Adequately capacious, clear and brilliant, the landscape broods with sublimity. Spring is sweeping in, emitting an even light that stirs up the deepest colors, the richest shadows. It’s a different kind of saturation, a light that is water-soaked. It’s a landscape that is heavy laden with weather. This sensitivity is expressively captured in cinematography, offering paths through the landscape where the journey becomes implicitly mythic, steeped in van der Werve’s haunt of heroes. Landscape is not just a backdrop, it’s a living character. It is simply an amplification of the way that environment lifts the soul. The roads winding through bucolic melancholic fields are threads of a story—the rivers and streams are coruscating surfaces that are doorways into other worlds. These doorways become literal when the film moves to the artist’s birthplace. Laid out in a grassy lot along the river, the entire orchestra plays. The moody weather brushes the trees, early in bud, and accentuated by a burst of forsythia behind the cello section. Far right, van der Werve enters in a dark suit completely on fire. He crosses in front of the orchestra and straight into the river to douse the flames.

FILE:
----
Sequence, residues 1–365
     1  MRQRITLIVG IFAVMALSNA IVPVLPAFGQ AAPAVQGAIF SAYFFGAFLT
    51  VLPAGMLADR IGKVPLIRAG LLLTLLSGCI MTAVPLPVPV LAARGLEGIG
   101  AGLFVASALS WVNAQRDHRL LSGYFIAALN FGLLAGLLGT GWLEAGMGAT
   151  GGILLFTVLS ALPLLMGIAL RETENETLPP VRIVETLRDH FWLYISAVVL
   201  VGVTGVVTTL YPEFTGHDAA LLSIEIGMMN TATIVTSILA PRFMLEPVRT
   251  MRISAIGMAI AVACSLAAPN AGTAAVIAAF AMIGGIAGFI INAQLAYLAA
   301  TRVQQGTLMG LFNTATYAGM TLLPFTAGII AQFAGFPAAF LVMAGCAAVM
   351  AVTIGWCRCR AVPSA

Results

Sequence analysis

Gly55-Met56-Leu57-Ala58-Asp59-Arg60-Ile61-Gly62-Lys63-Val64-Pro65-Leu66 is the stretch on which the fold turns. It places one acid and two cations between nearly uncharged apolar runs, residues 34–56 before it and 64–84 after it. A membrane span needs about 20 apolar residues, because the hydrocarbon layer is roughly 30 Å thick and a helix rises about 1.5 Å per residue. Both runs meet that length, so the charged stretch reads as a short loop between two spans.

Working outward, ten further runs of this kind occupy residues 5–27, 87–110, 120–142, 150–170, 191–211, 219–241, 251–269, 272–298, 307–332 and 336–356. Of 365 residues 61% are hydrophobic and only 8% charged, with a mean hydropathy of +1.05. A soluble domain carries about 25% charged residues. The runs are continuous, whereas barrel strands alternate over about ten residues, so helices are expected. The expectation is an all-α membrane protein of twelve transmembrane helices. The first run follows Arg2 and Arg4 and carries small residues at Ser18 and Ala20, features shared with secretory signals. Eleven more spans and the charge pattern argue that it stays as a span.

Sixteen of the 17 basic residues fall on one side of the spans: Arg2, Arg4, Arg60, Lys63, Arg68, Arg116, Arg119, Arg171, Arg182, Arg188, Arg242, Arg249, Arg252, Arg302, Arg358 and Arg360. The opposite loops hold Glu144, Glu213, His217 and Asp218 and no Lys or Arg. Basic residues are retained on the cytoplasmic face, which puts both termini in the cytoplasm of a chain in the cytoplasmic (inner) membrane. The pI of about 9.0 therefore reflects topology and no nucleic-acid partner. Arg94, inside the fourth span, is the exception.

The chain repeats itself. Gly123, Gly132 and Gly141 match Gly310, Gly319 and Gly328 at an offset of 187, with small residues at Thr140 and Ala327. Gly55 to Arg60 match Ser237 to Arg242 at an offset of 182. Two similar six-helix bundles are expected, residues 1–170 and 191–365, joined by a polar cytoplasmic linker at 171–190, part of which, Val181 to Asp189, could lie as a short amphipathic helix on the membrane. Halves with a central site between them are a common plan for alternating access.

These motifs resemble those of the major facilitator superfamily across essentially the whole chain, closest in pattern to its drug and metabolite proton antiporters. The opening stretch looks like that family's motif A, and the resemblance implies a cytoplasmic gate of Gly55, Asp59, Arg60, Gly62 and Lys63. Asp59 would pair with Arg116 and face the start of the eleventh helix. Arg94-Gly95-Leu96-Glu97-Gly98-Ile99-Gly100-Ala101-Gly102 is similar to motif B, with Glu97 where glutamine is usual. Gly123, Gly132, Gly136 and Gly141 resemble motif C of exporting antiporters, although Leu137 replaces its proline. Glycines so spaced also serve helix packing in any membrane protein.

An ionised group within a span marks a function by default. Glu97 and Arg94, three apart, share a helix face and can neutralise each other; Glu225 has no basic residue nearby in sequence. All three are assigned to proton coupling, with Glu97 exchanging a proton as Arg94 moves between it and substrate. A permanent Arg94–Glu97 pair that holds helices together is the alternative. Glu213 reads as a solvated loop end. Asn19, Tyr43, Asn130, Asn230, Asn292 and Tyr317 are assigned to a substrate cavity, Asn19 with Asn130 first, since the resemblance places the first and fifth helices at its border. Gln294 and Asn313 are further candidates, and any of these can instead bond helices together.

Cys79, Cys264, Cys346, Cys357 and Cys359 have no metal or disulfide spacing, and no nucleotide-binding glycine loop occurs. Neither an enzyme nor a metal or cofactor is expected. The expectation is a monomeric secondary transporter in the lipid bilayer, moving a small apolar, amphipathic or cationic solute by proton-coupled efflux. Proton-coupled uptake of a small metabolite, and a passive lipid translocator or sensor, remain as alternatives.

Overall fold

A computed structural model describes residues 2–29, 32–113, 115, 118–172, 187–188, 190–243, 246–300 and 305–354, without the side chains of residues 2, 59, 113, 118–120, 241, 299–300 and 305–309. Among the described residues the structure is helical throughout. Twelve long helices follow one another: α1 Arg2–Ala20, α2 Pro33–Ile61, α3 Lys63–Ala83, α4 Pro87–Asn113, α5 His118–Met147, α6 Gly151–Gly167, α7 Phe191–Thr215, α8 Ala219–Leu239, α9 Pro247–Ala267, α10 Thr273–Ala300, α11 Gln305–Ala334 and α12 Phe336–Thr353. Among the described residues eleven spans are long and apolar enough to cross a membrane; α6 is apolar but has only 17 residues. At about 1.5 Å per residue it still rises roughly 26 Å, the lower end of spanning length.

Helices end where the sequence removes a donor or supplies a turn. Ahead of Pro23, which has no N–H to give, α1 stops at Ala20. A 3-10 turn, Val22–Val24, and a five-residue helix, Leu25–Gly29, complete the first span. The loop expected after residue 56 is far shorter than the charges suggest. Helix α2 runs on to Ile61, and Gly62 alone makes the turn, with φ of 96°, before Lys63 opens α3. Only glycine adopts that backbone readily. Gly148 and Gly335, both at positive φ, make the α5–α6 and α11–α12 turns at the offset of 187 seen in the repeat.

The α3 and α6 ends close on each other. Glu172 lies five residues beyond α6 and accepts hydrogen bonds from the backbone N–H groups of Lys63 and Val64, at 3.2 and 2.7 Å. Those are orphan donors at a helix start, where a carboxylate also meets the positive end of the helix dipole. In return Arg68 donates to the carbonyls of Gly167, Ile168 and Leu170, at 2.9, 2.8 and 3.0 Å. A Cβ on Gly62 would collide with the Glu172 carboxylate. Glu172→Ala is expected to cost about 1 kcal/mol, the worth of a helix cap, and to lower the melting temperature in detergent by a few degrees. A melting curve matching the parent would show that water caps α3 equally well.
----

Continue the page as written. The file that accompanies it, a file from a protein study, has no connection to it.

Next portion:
These volatile tensions mark the film as nearly as comical as it is poignant. The series of calamities represent epiphanies that embody a bittersweet coming of age yearning. The admixture of the outlandish, literally explosive moments are appropriate as van der Werve plays them deadpan. The comic underlies his earnest, careworn demeanor. These explicable metaphors create a wild actuality that leaves us pining for something left in our heart—that place we try to get as far away from as we can; the landscape of family, friends, scents, sounds we dote on through our entire lives. Home.
I abstracted a few important childhood memories to integrate into the script. Abstracting my personal memories and experiences is a process that I always apply in my work. I try to make my work as open as possible by doing this; I abstract the narrative until only the mood is left. Mood is a medium that everybody can relate to and, more importantly, everyone has their own relationship to the mood. The artist stops being important.